Is Casper-Natrona County International Aiport Ready for an Emergency?

Tuesday's deadly Southwest Airlines accident in Philadelphia begs the question, what needs to be done to make sure planes are safe to take to the skies?

News 13's Connor Comeau went out to the Casper-Natrona County International Airport to find out.

The discussion starts at a tabletop gathering of airport emergency personnel.

"What happens if you had this disaster, right? And at the tabletop, you have all of the mutual aid agencies from your area come and we talk about what the airport would do, what the city of Casper would do, what Natrona County would do and we plan it out. And we can see if there are any deficiencies in our plan for that particular disaster and then we can make adjustments accordingly,” shared Aaron Buck, at Casper-Natrona County Airport.

In order to prevent emergencies from occurring, routine maintenance is performed before planes are allowed to take off.

Aircraft mechanic in Casper, Kevin Haggard shared, “Basically, we open them all up and inspect from front to rear, wingtip to wingtip for any evidence of damage or corrosion or anything like that."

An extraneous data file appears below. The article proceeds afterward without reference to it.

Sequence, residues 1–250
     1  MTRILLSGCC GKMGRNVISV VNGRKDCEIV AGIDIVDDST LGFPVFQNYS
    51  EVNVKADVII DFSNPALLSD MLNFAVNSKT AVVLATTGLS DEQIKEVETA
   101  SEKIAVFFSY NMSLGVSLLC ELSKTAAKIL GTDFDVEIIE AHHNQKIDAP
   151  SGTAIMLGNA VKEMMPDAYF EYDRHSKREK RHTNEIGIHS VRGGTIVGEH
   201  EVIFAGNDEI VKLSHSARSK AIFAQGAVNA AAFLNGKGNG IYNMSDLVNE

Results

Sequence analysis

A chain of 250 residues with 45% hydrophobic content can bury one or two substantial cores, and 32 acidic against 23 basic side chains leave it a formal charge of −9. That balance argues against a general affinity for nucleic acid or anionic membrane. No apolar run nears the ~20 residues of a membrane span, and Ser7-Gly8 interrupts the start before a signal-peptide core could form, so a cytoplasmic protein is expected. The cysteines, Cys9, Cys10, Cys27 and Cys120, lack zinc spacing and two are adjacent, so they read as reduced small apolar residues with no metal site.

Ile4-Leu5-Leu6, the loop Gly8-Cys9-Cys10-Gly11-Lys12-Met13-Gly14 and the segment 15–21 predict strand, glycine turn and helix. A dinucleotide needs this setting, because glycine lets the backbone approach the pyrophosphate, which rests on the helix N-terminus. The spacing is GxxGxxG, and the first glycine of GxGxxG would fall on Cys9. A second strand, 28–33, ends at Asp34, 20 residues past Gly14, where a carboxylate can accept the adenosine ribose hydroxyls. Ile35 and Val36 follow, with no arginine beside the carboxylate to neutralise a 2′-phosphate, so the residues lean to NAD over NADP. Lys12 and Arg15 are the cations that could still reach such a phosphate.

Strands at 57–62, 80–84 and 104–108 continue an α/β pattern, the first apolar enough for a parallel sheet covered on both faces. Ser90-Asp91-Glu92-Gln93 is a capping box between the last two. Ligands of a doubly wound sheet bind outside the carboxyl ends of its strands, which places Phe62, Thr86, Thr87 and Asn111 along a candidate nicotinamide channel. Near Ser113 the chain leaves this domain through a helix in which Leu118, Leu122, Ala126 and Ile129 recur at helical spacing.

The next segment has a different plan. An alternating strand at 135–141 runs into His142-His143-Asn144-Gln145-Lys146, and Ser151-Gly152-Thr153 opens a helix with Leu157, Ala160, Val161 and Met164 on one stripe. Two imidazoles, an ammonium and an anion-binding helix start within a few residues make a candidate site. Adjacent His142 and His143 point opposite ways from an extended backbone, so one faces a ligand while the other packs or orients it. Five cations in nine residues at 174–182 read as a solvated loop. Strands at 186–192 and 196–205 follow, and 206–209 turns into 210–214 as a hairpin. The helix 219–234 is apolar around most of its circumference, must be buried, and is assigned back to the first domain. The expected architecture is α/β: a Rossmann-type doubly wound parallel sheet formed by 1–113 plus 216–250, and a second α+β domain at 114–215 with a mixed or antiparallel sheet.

Though, even when proper maintenance is performed not all accidents are prevented.

Casper airport staff conducts trainings to prepare in the event of an emergency.

"Every three years, we do a full scale drill which we completed last September where we actually had a drill where we come out and work with the fire trucks and the emergency personnel and the ambulances and simulate an aircraft accident, where we transport people from the airport to the hospital. We did that last September and it went really well,” said Buck.

To prevent problems, aircraft maintenance must be thorough.

"There’s certain criteria we have to abide by that the FAA makes us stand by and it's, it can be pretty rigorous."

All is do to prevent an air emergency in our backyard.

Maintenance on all aircraft includes an oil change every fifty to one-hundred hours of flying depending on the type of aircraft.